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This Checklist Will Help You Hone Your Donor Retention Plan

8 min read
July 14, 2022
Abby Jarvis
two hands writing in a planner

What’s included in your donor retention plan? Creating a well-defined strategy for keeping your donors engaged is an important part of building a reliable base of supporters. But what should a donor retention plan include? What obstacles might be keeping you from reaching your full potential? And how should you communicate with your donors in the weeks and months after they give?

This resource will answer your questions!

Why Focus on Donor Retention?

Building relationships with donors that result in ongoing support is the most cost-effective way to raise money. Think of it this way: Say you spend $40 acquiring a new donor. They give you a one-time gift of $30, but they never make a second donation. You’ve netted -$10.

Now, imagine a similar scenario. You spend $40 acquiring a new donor, and they make a $30 gift. This time, though, you’ve got a donor retention plan in place. After a couple of emails, they make a second $30 gift. Now, you’ve netted $20—and, since they made a second donation, your new donor is much more likely to give again in the future.

Despite the importance of donor retention in fundraising, the nonprofit industry has historically struggled with keeping donors involved. In 2021, retention rates were 19% for new donors. That means that only one in five supporters will make a second gift. Creating a plan for connecting with new donors, keeping them informed about their impact, and inspiring them to give again will help you change that trend.

What Should I Include in My Donor Retention Plan?

It’s all well and good to talk about how important it is to keep your supporters engaged. But what does an effective donor retention plan include? 

Here’s a quick summary.

Give Donors a Great Donation Experience

When was the last time you gave your donation experience a checkup? If supporting your nonprofit is quick, easy, and enjoyable, your supporters will be more likely to make another gift in the future.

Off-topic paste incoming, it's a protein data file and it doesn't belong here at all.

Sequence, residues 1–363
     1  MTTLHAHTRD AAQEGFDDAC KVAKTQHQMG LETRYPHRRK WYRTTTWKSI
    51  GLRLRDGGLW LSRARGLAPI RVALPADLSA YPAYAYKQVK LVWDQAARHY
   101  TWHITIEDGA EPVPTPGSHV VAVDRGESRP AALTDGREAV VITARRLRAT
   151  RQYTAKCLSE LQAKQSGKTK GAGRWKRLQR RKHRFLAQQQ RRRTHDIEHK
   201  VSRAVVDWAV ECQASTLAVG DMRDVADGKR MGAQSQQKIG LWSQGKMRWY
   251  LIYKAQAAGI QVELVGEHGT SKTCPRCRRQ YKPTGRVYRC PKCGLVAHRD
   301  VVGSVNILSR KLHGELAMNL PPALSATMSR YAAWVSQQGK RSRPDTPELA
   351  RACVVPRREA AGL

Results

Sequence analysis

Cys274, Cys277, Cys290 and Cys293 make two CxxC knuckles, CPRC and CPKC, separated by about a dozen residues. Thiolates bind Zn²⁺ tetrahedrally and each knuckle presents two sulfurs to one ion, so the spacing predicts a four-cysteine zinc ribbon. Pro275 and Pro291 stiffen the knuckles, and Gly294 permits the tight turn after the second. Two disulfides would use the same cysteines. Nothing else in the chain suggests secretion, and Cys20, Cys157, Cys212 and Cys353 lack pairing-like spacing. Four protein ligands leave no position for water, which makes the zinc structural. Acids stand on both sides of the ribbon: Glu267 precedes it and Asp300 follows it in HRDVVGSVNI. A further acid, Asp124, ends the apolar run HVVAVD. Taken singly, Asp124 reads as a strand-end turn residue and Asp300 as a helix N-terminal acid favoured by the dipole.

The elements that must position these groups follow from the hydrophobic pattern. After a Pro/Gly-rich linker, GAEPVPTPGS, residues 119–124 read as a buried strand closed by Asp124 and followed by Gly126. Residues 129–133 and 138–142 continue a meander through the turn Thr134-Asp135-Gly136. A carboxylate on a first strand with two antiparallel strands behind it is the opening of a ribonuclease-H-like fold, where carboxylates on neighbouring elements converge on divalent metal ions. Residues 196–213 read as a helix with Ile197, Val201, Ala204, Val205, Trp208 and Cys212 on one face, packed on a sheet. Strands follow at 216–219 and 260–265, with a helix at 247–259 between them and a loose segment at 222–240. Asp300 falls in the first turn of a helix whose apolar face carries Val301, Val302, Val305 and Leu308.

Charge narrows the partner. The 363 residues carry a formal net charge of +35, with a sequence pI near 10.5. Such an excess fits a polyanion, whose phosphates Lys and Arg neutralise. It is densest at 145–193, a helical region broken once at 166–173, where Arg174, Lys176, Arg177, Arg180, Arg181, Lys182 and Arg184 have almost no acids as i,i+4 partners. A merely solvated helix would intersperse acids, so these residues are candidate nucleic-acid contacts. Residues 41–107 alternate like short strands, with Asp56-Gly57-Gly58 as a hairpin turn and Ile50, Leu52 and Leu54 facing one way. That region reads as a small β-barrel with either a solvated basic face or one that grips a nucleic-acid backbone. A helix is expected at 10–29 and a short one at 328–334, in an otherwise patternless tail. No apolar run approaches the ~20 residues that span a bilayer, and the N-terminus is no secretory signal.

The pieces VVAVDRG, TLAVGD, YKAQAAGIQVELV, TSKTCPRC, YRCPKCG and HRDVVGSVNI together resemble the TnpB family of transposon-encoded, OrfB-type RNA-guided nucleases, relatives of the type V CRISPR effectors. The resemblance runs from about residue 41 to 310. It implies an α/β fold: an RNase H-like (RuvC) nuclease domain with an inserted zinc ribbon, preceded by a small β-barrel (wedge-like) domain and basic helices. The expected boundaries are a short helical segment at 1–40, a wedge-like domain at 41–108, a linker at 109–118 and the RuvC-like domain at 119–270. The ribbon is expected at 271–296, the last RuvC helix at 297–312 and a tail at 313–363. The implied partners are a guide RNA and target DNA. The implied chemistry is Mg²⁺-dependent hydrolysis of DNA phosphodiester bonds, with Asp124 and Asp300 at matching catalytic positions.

One of the best ways to get a feel for what your donors actually experience when they make a gift is to ask someone to go through the process with you. Recruit a friend or family member to make a practice gift on your donation page. Sit with them as they navigate to your website, find your donation form, and make a gift. Do they get stuck anywhere? Is your form confusing? Do they get their receipt quickly? Identify and fix any issues they come across to make sure your donors get the best-possible experience when they support your cause.

While you’re thinking about your donation form, take a few minutes to make sure it includes some industry best practices. This article on donation form best practices will help.

Get Your Donor Data in One Place

You probably interact with your supporters through a few different channels. Your online donation forms, event system, email platform, and other tools and platforms probably contain data about your donors and their involvement with your organization. But disparate systems rarely work together seamlessly, and that can make it hard to get a complete picture of your supporters’ history with your nonprofit.

If you want to create a strong donor retention plan, it’s important to get all of that data in one place. Imagine this scenario: One of your donors uses your event management platform to register for an upcoming gala. They also make an optional event donation in addition to the registration fee. They loved your messaging at the event and, weeks later, navigate to your year-round donation form and give there, too.

If your event management and fundraising systems don’t work well together, your donor may receive disjointed messaging. They  might get a first-time donor message from one or both platforms or, worse, never get a welcome email at all. If your systems do work together seamlessly, though, you can create a donor experience that recognizes they’ve supported you in two different ways. That creates a much more personalized experience that will make them feel seen and appreciated—and that sets the stage for more support in the future.

Focus on the Person, Not the Money

Do you roll out the red carpet for your bigger donors? If you’re like most nonprofits, the answer is probably “yes.” And there’s nothing wrong with that! A $1,000 check is absolutely something to celebrate.